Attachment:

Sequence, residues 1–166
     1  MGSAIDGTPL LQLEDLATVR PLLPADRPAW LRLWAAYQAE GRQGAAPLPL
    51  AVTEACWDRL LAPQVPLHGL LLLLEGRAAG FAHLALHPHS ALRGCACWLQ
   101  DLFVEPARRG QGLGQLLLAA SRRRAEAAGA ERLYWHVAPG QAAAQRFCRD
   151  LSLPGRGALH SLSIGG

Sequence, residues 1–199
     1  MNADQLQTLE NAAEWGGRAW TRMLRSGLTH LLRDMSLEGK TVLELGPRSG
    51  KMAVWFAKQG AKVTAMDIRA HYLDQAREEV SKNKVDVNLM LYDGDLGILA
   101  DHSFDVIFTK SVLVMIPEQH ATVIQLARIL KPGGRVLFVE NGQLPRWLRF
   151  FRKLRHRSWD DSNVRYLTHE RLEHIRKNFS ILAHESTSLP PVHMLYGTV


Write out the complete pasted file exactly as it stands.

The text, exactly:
Sequence, residues 1–166
     1  MGSAIDGTPL LQLEDLATVR PLLPADRPAW LRLWAAYQAE GRQGAAPLPL
    51  AVTEACWDRL LAPQVPLHGL LLLLEGRAAG FAHLALHPHS ALRGCACWLQ
   101  DLFVEPARRG QGLGQLLLAA SRRRAEAAGA ERLYWHVAPG QAAAQRFCRD
   151  LSLPGRGALH SLSIGG

Sequence, residues 1–199
     1  MNADQLQTLE NAAEWGGRAW TRMLRSGLTH LLRDMSLEGK TVLELGPRSG
    51  KMAVWFAKQG AKVTAMDIRA HYLDQAREEV SKNKVDVNLM LYDGDLGILA
   101  DHSFDVIFTK SVLVMIPEQH ATVIQLARIL KPGGRVLFVE NGQLPRWLRF
   151  FRKLRHRSWD DSNVRYLTHE RLEHIRKNFS ILAHESTSLP PVHMLYGTV